It’s the perfect time to tackle those “stacks of paper”! Personally, I’m decluttering my house right now and I’ve noticed the incredible amounts of paper clutter we’ve accumulated over the years. This would include college notebooks (I graduated with a master’s degree in 2004!), bank statements from 2002, and a plastic bag with artwork from my child’s daycare (she’s now in elementary school superior) …. And the list continues.
Maybe it’s the start of the New Year with resolutions, or you’re stuck indoors in cold weather, or trying to fill your time before gardening season. What’s on your list? Losing weight? Exercise more? Clean up the mess? To find a better financial form?
According to the website tripsavvy.com, four of the top 10 New Year’s resolutions involve something to do with health, clutter and financial health, said Cindy Clampet, associate family resource management specialist from Oklahoma. State University Cooperative Extension.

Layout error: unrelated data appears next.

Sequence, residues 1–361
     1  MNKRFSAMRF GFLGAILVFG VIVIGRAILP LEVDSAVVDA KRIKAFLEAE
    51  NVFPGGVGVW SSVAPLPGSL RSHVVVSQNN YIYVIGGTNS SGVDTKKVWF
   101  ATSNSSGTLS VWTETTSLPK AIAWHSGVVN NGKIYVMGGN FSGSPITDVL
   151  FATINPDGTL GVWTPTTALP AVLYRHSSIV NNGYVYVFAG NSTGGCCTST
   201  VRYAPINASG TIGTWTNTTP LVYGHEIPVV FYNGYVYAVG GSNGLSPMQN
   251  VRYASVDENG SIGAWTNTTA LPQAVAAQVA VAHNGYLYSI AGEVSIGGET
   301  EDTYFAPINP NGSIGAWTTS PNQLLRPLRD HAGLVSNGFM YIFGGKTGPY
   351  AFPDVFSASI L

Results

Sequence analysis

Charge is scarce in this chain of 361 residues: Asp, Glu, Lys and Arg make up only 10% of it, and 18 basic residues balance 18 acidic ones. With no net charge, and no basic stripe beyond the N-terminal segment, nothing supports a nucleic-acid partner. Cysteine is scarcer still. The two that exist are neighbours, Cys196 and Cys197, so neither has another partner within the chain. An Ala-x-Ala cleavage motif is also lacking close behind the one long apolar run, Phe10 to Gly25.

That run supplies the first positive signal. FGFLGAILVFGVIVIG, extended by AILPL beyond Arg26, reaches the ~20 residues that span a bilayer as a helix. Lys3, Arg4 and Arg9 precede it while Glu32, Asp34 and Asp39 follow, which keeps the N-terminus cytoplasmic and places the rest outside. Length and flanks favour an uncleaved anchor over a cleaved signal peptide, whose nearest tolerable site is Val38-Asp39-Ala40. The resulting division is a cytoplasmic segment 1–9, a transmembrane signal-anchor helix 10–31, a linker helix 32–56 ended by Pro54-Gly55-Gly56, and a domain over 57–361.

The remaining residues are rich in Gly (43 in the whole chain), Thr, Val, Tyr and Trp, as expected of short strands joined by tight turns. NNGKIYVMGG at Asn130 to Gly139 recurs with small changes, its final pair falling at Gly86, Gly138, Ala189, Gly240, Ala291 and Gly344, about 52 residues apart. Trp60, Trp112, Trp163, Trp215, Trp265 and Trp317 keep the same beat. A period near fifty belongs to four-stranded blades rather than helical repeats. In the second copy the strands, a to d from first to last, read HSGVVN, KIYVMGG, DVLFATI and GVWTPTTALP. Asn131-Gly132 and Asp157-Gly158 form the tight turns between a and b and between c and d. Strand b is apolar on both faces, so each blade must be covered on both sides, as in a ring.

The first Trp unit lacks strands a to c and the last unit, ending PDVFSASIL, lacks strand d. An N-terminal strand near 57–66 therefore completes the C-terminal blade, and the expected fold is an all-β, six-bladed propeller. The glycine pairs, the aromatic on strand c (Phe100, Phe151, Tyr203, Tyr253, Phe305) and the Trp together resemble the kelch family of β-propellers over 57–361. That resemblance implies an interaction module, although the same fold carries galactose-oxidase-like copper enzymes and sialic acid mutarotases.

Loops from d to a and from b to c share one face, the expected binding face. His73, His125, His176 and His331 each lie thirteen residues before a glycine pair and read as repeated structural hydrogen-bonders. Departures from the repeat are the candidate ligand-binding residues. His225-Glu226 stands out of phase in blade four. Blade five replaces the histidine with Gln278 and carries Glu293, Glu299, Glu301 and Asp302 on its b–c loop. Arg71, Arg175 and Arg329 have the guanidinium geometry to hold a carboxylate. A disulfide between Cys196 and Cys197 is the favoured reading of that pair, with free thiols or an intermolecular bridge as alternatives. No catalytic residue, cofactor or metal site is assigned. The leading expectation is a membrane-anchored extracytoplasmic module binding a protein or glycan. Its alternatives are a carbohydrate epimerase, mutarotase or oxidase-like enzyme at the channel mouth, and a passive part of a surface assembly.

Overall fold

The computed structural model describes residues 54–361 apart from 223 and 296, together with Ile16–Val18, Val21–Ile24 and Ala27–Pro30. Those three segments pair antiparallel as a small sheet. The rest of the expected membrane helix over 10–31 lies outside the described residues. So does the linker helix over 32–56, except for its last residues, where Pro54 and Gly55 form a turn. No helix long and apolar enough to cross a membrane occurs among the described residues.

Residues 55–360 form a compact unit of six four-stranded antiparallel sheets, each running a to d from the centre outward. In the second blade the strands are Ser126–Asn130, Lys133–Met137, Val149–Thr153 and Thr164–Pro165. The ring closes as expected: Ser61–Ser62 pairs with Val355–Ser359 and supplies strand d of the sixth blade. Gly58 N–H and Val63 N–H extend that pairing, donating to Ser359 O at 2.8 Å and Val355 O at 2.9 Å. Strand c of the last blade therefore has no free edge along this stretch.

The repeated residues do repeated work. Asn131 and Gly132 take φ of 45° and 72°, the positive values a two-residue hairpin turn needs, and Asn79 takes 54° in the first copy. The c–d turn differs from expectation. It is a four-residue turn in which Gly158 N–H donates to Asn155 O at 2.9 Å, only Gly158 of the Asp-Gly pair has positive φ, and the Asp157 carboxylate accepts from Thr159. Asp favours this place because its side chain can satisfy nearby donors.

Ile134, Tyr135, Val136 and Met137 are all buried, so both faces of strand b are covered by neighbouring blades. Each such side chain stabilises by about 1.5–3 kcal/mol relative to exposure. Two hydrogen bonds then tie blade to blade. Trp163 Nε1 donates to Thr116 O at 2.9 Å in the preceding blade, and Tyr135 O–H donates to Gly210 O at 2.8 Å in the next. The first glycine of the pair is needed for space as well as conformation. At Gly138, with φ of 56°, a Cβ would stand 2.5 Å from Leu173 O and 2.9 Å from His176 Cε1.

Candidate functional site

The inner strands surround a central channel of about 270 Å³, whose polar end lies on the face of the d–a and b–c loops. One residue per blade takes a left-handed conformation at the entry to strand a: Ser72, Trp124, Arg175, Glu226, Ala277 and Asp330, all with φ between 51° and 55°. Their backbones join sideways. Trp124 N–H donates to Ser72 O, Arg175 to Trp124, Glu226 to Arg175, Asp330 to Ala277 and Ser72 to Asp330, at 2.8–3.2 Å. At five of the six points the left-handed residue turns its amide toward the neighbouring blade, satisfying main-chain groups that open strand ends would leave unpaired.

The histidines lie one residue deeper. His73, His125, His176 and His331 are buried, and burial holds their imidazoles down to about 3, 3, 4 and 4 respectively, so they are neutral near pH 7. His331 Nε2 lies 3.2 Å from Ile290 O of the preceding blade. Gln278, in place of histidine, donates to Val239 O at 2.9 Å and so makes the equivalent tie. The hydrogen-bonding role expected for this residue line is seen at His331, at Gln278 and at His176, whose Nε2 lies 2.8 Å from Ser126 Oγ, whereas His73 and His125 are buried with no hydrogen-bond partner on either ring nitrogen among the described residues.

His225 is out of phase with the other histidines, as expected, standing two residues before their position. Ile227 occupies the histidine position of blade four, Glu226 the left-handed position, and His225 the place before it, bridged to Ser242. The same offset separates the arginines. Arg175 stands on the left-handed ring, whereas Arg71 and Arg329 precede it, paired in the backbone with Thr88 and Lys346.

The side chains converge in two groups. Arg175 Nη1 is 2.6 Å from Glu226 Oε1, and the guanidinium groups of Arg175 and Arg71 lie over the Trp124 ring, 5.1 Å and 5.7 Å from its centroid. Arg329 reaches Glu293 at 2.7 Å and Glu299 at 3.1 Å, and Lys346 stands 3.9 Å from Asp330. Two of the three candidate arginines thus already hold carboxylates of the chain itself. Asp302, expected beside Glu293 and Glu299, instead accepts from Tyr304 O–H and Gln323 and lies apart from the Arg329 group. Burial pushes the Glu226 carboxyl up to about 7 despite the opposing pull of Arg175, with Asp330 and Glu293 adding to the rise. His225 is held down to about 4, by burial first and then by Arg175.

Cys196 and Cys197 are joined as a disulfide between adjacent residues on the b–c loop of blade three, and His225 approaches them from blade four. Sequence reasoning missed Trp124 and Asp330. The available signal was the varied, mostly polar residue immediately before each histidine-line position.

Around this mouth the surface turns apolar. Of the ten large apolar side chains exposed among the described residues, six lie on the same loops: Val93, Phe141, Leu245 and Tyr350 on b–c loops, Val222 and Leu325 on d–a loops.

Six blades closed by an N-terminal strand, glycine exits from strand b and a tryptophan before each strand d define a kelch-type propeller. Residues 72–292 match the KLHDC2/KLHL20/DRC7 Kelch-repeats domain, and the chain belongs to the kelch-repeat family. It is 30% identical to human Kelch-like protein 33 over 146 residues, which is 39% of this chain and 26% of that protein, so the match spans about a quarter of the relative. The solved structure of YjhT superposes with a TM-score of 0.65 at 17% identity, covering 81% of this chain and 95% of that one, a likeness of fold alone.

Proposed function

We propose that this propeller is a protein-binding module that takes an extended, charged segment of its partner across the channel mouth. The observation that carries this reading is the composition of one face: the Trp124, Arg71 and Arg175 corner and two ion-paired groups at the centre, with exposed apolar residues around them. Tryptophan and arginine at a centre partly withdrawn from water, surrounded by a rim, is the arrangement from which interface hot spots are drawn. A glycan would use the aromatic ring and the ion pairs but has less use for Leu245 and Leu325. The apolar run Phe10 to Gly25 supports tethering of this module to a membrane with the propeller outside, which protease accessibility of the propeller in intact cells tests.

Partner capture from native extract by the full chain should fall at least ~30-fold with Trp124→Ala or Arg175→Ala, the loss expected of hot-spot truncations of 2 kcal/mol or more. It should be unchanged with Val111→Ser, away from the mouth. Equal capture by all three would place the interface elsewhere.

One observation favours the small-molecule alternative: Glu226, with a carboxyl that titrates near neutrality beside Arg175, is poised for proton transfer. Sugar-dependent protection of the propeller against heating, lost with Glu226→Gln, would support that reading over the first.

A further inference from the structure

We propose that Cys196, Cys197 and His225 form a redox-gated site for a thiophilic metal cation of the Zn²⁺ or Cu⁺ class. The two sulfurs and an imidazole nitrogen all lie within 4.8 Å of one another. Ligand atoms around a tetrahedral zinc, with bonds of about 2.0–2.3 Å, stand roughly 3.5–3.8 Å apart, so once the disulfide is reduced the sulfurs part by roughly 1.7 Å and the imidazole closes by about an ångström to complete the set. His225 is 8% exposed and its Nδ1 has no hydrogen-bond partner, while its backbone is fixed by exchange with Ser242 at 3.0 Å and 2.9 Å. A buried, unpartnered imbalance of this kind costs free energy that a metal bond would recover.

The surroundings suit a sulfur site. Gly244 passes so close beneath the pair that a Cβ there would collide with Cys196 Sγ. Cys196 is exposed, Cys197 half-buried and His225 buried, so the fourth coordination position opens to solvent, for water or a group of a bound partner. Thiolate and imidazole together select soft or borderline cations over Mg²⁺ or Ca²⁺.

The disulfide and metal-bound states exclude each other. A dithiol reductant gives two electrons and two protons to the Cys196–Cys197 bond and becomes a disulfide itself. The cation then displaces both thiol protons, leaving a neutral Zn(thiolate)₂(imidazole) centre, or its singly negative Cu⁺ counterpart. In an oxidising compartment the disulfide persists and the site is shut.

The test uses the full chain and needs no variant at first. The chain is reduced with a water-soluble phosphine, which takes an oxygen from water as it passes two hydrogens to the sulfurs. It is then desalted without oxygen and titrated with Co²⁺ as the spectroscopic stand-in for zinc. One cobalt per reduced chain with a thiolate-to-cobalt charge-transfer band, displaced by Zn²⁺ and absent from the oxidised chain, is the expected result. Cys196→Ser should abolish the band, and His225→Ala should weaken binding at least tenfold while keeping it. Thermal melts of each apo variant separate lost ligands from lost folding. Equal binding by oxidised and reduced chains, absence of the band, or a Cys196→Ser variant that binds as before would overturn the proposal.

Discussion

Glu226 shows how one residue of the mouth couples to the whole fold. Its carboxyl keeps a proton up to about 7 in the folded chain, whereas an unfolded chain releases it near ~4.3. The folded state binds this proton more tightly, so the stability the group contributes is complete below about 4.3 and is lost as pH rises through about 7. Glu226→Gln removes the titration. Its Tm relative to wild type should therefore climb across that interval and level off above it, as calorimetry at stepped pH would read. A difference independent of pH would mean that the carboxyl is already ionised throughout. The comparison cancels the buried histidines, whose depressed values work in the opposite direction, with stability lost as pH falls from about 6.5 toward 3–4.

Clampet said one of the reasons so many health, financial and organizational resolutions fail is because people try to bite off more than they can chew.
“The trick to succeeding in these areas is to start slow and do a little bit each day. Whether you’re exercising or dieting to lose weight, save money or get out of debt, or organize and clear your clutter, no step is too small to start and it’s never too much. late,” she said.
To start, sort just one of your stacks of paper. Sit down with this stack and go through each room. You can place a small wastebasket nearby, so you can throw away any unwanted mail. Immediately classify anything that needs to be kept.
For a great resource to guide you on what and how long to keep documents, go to www.extension.okstate.edu/fact-sheets/ and search for fact sheet T-4150 Putting Your Records in order. Or stop by the extension office and pick one up.
Here is a short list to get you started:
Keep indefinitely – Birth certificates, marriage certificates, death certificates, adoption documents, military discharge, citizenship and naturalization documents
Keep one year – Bank and/or credit union statements, Utility statements (useful for calculating average monthly utility costs if you decide to sell your home), Credit card statements (even if they are accessible online). line), other household records, owner or auto insurance policies until they expire and new policies come into effect